When Page is not putting images to music, the star of the 2011 TV Reality show Bigger, Better, Faster, Stronger (and the former voice of Vodafone adverts) paints, drums (Rumpus Room, Paul Martin’s World War Four), makes television commercials, designs band posters, and he even made a feature film.
Born in 1972 in Palmerston North, Page sketched and tapped (the drumming thing) his way through Freyberg High. The sketching proclivity led him to Auckland’s UNITEC where he studied painting for a year. His tutor Peter Fahey suggested he go to Hamilton and enrol at the new Media Arts department at WINTEC.
It turned out to be one of those moments of delightful synchronicity as Hamilton’s Hark Records was getting underway. The label had several NZ On Air music video grants under its belt and no one to make them happen.
He started making videos for the new label while carefully keeping a foot in the door at WINTEC so he could continue to use equipment.
Page stumbled onto the label via his mates, local band Inchworm, who had recently won the top prize at the Waikato Rock Awards. Their prize included time at the Hark-owned Zoo Recording Studio. They brought Page in to make the video for the song they had recorded and once he was in the door that was the end of any formal education. He started making videos for the new label while carefully keeping a foot in the door at WINTEC so he could continue to use equipment. However, time demands meant he did not complete his course work and graduate.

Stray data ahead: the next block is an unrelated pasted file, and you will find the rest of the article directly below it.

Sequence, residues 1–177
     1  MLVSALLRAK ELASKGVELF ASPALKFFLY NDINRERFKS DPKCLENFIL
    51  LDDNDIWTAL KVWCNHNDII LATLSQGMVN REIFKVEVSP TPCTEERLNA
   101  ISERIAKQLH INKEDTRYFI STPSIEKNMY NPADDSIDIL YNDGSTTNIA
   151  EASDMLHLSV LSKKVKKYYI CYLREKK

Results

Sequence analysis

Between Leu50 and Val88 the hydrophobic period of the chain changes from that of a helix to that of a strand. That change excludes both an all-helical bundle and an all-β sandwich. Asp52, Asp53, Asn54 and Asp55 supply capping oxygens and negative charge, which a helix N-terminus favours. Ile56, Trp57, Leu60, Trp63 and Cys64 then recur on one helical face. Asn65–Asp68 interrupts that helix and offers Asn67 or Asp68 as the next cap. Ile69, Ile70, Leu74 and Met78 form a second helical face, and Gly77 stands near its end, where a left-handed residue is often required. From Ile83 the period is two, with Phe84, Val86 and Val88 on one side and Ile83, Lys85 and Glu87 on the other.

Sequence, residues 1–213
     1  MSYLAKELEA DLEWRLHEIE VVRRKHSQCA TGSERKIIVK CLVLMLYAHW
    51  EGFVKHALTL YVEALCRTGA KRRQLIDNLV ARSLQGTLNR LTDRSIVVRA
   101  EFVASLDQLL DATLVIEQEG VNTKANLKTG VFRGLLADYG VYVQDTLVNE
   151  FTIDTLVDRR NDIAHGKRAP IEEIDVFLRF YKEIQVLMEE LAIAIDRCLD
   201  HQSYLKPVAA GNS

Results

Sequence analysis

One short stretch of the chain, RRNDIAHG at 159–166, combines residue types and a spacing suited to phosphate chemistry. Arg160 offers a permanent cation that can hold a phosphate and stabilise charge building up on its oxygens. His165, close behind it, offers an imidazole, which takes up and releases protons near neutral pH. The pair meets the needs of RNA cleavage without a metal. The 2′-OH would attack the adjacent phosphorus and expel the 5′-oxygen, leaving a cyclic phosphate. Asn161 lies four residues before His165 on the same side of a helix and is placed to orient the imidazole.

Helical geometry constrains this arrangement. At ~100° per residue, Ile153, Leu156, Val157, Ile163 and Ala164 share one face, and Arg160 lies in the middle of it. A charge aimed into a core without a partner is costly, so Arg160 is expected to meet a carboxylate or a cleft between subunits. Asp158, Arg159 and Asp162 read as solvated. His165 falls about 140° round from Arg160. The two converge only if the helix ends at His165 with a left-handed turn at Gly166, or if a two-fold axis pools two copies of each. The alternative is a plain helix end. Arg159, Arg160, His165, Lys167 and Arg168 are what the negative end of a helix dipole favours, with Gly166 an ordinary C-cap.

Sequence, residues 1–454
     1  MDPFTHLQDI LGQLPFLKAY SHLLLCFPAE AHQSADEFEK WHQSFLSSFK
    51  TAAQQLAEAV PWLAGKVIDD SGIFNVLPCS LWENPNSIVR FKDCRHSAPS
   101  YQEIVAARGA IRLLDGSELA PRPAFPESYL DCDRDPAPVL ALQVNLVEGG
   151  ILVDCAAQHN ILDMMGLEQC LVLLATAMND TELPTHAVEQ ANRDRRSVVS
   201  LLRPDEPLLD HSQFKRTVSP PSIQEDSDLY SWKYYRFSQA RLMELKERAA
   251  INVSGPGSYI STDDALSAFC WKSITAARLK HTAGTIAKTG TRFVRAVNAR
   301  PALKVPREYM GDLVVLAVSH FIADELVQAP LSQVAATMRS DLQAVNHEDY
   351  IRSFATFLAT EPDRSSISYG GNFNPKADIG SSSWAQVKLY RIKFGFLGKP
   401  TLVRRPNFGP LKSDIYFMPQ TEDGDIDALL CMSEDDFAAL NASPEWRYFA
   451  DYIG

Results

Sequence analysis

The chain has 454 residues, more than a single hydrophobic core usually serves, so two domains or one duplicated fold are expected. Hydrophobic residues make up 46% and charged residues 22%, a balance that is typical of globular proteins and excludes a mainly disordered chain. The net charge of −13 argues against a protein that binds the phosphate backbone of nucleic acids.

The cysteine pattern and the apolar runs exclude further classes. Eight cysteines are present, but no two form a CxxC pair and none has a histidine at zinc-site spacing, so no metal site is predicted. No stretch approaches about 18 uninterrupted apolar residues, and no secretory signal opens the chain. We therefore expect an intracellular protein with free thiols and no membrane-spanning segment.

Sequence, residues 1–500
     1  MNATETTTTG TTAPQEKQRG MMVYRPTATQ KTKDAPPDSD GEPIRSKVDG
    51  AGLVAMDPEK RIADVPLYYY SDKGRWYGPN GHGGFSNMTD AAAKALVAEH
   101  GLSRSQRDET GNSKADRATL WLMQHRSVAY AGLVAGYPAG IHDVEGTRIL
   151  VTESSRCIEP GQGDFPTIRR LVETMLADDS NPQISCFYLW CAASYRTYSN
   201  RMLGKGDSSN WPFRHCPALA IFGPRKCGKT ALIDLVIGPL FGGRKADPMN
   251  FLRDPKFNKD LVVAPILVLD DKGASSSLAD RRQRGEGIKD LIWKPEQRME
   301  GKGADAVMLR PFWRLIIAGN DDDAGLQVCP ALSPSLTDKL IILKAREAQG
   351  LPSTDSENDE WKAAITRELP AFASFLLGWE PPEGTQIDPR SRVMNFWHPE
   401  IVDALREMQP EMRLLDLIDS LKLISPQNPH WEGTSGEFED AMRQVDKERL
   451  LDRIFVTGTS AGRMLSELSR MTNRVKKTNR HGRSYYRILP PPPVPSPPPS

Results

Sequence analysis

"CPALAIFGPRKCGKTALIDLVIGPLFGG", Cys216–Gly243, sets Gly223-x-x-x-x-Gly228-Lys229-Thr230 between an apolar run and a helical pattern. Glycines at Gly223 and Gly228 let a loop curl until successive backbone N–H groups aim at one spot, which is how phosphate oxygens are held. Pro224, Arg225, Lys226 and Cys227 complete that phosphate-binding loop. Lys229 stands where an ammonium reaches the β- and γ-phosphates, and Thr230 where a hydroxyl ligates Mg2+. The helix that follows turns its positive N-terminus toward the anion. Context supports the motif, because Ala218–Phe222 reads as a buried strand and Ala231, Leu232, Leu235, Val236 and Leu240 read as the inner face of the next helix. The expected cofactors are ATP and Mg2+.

During 1994, his final year at WINTEC, he made 10 music videos including Knightshade’s comeback single ‘Television Eyes’, Inchworm’s ‘Come Out’, Throw’s ‘All Different Things’ for Christchurch label Failsafe, and ‘Food’ for Hamilton indie band 5 Girls.
That same year he was caught surreptitiously filming Shihad at a University of Waikato Orientation gig. Hauled up by the band manager Gerald Dwyer, Page showed him the footage and a suitably impressed Dwyer introduced him to the band. Based on that meeting they later asked him asked him to make a video for their song ‘Yr Head Is A Rock’ (1996).
One thing most of these videos have in common (the exception is Inchworm’s ‘Come Out’) is that they are all stop-motion animations made using plasticine, a style that was fast becoming Page’s speciality. In 1994 he also released a short film, Decaff, featuring a subversive claymation character.
Decaff ran in cinemas as an opening short during the New Zealand run of Kevin Smith’s hit movie Clerks and Page became something of a local cult sensation. This brought him to the attention of advertising giants Saatchi and Saatchi, who commissioned him to make a short film for NZ On Air celebrating a centenary of NZ cinema.
His 1996 short film ran alongside a short made by John O’Shea, the godfather of the modern NZ film industry or, as Saatchis put it: “A hundred years of NZ cinema through the eyes of the nation’s oldest and youngest filmmakers.”
It introduced Page to the world of television advertising and he has since made so many adverts that he has lost count. Page: “I don’t make the big ads, I make the ones that run either side of them, the bread and butter ads. I am a workman like ad maker, a tradesman builder. The camera is my hammer and I will build anything that is required.”